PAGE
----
Across the Student Body: The 51st Student Art Show and Merit Scholarship Exhibition at CSU

Hannah Mosley, Finding Hunter, digital painting.

The 51st Student Art Show and Merit Scholarship Exhibition at the Galleries at Cleveland State University was a show filled with fresh, experimental works where students–many for the first time–submitted and exhibited art, and some received awards. Eighty four students are exhibiting 166 works, and attracting significant audiences: nearly 1200 attendees since the show opened. The judges were George Mauersberger, a former professor of drawing at CSU for 32 years, and Connie Ozan, the Chief Creative Officer at Twist Creative. 

The Student Art Show is also bittersweet, with the announcement that it will be the final exhibition in The Galleries at CSU’s Euclid Avenue / Playhouse Square location. After 11 years and more than 100 exhibitions in the gallery, a transition team has been tasked with finding a new space. Kendall Christian, the Director of Galleries at CSU, has brought energy, pride, professionalism and excellence to every exhibition he presented here. (CAN notes that reviewer Liz Maugans teaches in the CSU art department, using the loft area at the rear of the gallery as a classroom. She notes, “I get to observe the gallery activities and intersection with students, and the university is fortunate to have Kendall’s thoughtfulness and expertise.”)

Students across the CSU student body are eligible to submit art to be considered for the show. A notable example of participation by a student outside the art department came from Premkumar Donthula,  who came from India for CSU’s engineering program. His work is whittled lead from pencils, beautifully presented inside of glass domes displays. The skillful precision of his sculpting and the multiple forms and text fragments are impressive and earned him one of the President’s Awards. His works critique how cell phones and other communication methods have disconnected us from each other, and how the act of simply writing a letter is no longer something we do.

Here’s another example of student diversity represented in the exhibit: Jim Triner’s ceramic work, Continuous Love, is a Mobius formed with a mirror-like glaze that twists, turns, and reflects simultaneously. Triner is one of the Project 60 Awardees, a program at CSU that enables any Ohio resident, age 60 or older, to enroll in classes on a tuition-free basis.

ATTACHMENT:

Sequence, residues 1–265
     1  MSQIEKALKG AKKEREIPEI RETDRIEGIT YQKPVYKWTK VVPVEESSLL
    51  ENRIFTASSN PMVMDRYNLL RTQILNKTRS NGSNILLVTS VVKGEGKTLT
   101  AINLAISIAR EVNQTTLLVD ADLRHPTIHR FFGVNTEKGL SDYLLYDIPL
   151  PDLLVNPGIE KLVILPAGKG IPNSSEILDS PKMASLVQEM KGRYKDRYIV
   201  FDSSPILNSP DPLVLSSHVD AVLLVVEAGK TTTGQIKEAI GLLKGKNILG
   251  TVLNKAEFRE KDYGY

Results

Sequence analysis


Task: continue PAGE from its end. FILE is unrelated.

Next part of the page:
Duncan Godwin, Do Not Sit Here.

Ceramics and sculpture are represented very strongly across this show.  Duncan Godwin, a senior video and film major has two sculptural works that are simultaneously curious and thought-provoking. Repurposed Misconception is a clay and mixed media diorama with diminutive finger-like white sprouts that grow out of the decay of a crumbling brick wall.  This is a poetic piece, perhaps a statement about ecology and the power of nature winning the day. Godwin’s other work is a towering stack of old office chairs that extend almost to the ceiling with a sign that says, Do Not Sit Here, perched at the top of these precarious chairs. These towering chairs symbolize skyscrapers,  standing idle in their role of form over function. The chairs are not meant to stack. Godwin conjures a smart, post-pandemic commentary on the future of cities across the world impacted by hybrid work, layoffs, and higher interest rates that are leaving lots of office space vacant.

Renee Evans, Uprooted

Another show stealer is the mixed media work of Renee Evans. Her experimentation and explorations with materials and content are thematically timely.  In Uprooted, a ceramic African mask is mounted to a laser-cut image of Africa. A dyed black mop is shaped into a black mane of hair, adorned with shells. The carved text says, “However far the stream flows, it doesn’t forget its natural origin.” The combination of traditional and new technologies bridges together her African American and the environmental justice activism that embodies her own identity. 

This iteration of the Student Show does not include a lot of painting, but a standout is a digital painting by Hannah Mosley called Finding Hunter. It depicts a family standing at dusk outside of their house on a hot summer night, trying to stay cool.

What the exhibition does have in abundance is art that shows how the next generation is capable of employing design and creative problem-solving. Notably, these students spent high school and college years in pandemic-era educational conditions. One wonders what impact that has had and will continue to have on these artists and their works. The show is on view through May 27.

The opinions expressed on CAN Blog are those of the individual writers. Art is somewhat subjective. Well, somewhat. But yes, everybody's a critic.

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